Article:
Scottish farmers AI housing order to be lifted at the end of February, with enhanced biosecurity

Poultry and egg farmers in Scotland will be allowed to let their birds out to range from the end of February, as long as they implement increased biosecurity measures.

The decision by the chief vet in Scotland means unlike their counterparts in Englandfree range 3, where the housing order will continue in certain ‘high risk’ areas, Scottish farmers will be able to retain their free range status, should they choose to risk allowing their birds outside.

In a letter to farmers, Scotland’s chief vet Sheila Voas wrote: “From 28 February the requirements of the zone will change, meaning that keepers in Scotland can let their birds out provided that they have enhanced biosecurity measures in place.  Keepers will still have the option to house their birds – for many this will continue to be the easiest way to protect them from AI, but they will lose free range status under EU law by continuing to house.

“If keepers do intend to release their birds from 28 February then there are steps that they should begin taking now in order to make their range unattractive to wild birds for the remaining days in February – it is vital that these activities start as soon as possible.”

The steps recommended by Voas are:
o Net ponds and drain waterlogged areas of land.  If this isn’t possible, then can you fence them off from your birds so they cannot access it whilst ranging, or use an alternative paddock that doesn’t have access to water

o Remove any feeders and water stations from the range, or ensure that they are covered to sufficiently restrict access by wild birds

o Consider using decoy predators or other livestock (such as sheep or cattle) on the range, or allowing dogs to accompany you on foot patrols around the range. You could also consider bird scarers if their use is appropriate for the area (see NFU Code of Practice on bird scarers)

o Consider increasing the number of shelters on the range area

Last week the British Free Range Egg Producers Association complained different policies in different countries of the UK was unfair, and called on DEFRA to allow all free range hens in England to be allowed outside at the end of February before producers go out of business.

The organisation has written to Defra Minister Lord Gardiner and Chief Veterinary Officer Nigel Gibbens to highlight the serious inconsistency with which the UK governments have dealt with the issue.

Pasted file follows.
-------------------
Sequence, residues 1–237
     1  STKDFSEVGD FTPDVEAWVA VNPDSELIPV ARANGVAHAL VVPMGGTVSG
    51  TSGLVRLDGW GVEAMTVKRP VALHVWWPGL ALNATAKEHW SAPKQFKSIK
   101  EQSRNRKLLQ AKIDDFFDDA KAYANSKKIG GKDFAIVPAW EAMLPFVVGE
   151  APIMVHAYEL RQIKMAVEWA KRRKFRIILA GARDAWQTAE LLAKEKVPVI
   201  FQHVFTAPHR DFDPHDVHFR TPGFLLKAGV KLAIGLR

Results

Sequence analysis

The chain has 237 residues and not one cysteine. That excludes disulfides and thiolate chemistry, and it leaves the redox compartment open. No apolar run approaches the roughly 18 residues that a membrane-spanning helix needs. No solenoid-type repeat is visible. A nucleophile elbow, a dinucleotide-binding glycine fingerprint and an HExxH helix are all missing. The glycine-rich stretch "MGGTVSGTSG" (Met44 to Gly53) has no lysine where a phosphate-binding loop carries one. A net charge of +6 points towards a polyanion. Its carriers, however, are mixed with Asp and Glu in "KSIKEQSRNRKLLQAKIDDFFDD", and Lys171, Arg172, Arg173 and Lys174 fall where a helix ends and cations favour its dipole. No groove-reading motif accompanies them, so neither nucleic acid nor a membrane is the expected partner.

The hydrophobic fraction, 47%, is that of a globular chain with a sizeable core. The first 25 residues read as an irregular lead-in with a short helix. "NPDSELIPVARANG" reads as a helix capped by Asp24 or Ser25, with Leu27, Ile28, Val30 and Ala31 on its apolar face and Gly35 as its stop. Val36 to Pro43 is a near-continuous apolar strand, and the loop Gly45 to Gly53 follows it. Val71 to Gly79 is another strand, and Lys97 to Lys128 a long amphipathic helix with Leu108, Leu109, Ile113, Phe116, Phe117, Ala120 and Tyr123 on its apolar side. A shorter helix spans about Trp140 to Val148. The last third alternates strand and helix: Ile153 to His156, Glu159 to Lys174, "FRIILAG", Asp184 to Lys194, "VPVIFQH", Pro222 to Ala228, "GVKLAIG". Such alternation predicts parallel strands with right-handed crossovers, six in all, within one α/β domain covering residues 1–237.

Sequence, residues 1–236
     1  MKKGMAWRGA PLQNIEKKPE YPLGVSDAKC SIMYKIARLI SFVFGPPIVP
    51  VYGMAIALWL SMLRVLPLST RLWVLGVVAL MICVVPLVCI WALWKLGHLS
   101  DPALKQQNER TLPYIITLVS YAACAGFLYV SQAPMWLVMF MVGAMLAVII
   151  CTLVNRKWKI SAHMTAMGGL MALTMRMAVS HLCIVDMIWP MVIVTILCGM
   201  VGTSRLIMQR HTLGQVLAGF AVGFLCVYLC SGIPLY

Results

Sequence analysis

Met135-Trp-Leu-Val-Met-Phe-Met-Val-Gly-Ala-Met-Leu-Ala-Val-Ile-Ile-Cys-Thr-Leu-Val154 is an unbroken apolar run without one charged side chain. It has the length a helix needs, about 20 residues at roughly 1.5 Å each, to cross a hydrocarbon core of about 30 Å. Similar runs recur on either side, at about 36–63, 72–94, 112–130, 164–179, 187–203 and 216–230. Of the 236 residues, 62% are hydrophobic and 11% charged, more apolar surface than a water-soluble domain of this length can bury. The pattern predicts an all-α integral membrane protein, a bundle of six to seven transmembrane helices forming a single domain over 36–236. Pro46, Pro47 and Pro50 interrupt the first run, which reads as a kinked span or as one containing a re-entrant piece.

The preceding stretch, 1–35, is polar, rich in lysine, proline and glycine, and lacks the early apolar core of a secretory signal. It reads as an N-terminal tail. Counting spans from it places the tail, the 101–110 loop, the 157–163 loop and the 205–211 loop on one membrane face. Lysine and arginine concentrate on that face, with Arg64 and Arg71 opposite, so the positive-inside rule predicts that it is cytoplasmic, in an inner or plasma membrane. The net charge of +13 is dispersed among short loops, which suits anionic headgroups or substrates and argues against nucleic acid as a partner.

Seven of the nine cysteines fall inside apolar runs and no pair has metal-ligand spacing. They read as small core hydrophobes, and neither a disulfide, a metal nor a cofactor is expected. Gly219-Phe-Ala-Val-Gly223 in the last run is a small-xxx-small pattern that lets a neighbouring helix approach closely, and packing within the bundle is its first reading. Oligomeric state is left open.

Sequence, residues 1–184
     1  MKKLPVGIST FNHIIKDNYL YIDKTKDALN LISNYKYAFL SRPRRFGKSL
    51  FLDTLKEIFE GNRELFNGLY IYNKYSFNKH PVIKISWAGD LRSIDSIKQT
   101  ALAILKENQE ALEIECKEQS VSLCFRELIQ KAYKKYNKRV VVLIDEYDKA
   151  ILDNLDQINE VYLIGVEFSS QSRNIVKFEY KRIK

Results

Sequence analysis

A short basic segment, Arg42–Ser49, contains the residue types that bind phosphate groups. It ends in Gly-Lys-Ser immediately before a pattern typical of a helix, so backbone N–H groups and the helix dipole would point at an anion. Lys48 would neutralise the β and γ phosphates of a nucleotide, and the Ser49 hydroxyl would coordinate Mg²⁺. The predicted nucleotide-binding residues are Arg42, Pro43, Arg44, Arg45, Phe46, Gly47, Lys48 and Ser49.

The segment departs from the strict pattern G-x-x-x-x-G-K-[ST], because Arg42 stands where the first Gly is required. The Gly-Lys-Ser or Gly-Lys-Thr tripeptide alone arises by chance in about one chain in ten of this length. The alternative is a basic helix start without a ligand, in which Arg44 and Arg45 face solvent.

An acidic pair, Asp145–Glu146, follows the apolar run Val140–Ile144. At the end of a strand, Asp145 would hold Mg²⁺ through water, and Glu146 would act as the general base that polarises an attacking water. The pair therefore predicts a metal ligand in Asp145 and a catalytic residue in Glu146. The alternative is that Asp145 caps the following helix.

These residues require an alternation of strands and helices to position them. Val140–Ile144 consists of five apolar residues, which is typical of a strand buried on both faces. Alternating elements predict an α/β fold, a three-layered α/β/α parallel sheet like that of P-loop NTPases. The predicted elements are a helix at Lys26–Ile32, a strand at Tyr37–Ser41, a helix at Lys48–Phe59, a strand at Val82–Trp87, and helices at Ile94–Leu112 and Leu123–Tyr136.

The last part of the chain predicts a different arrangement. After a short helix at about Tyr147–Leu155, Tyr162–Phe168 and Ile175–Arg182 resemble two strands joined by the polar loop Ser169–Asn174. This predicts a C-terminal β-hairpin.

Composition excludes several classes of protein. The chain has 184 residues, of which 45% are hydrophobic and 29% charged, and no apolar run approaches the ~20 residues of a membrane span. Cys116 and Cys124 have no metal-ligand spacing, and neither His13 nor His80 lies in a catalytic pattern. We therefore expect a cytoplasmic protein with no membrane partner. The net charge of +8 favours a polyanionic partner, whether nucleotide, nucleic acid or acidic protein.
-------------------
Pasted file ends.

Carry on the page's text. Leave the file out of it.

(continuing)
England has designated Higher Risk Areas (HRAs) where birds must continue to be housed after 28 February. Those farms not in an HRA must put in place enhanced biosecurity protocols, but their flocks can range.

But there will be no compulsory housing for producers in Wales, where there has been an outbreak of the H5N8 strain this year. All flocks on Scottish farms will also be allowed outside.

BFREPA chief executive Robert Gooch said: “This inconsistent approach is proving divisive among producers in the UK and will spell the end for some of our members in England who will lose their free range status.

“There is a lack of common sense in an approach that allows birds on one side of the Severn Estuary to range, while across the border in England birds continue to be housed. It has created a postcode lottery.

“An outbreak at a broiler farm in Suffolk this week was outside of the proposed HRA, demonstrating that there is little science available to accurately pinpoint where HRAs should be.”

BFREPA estimates that about 150 of its members will be caught in an HRA and will be forced to downgrade their eggs from free range to barn at a cost of about 20p/dozen. They produce about two million eggs per day.

“The enhanced biosecurity measures proposed for the majority of English free range flocks outside of HRAs should apply all over the country, as has happened in Wales and Scotland,” Mr Gooch added.

“We are calling on Defra to review its position and change the policy before we see our producers go out of business.”

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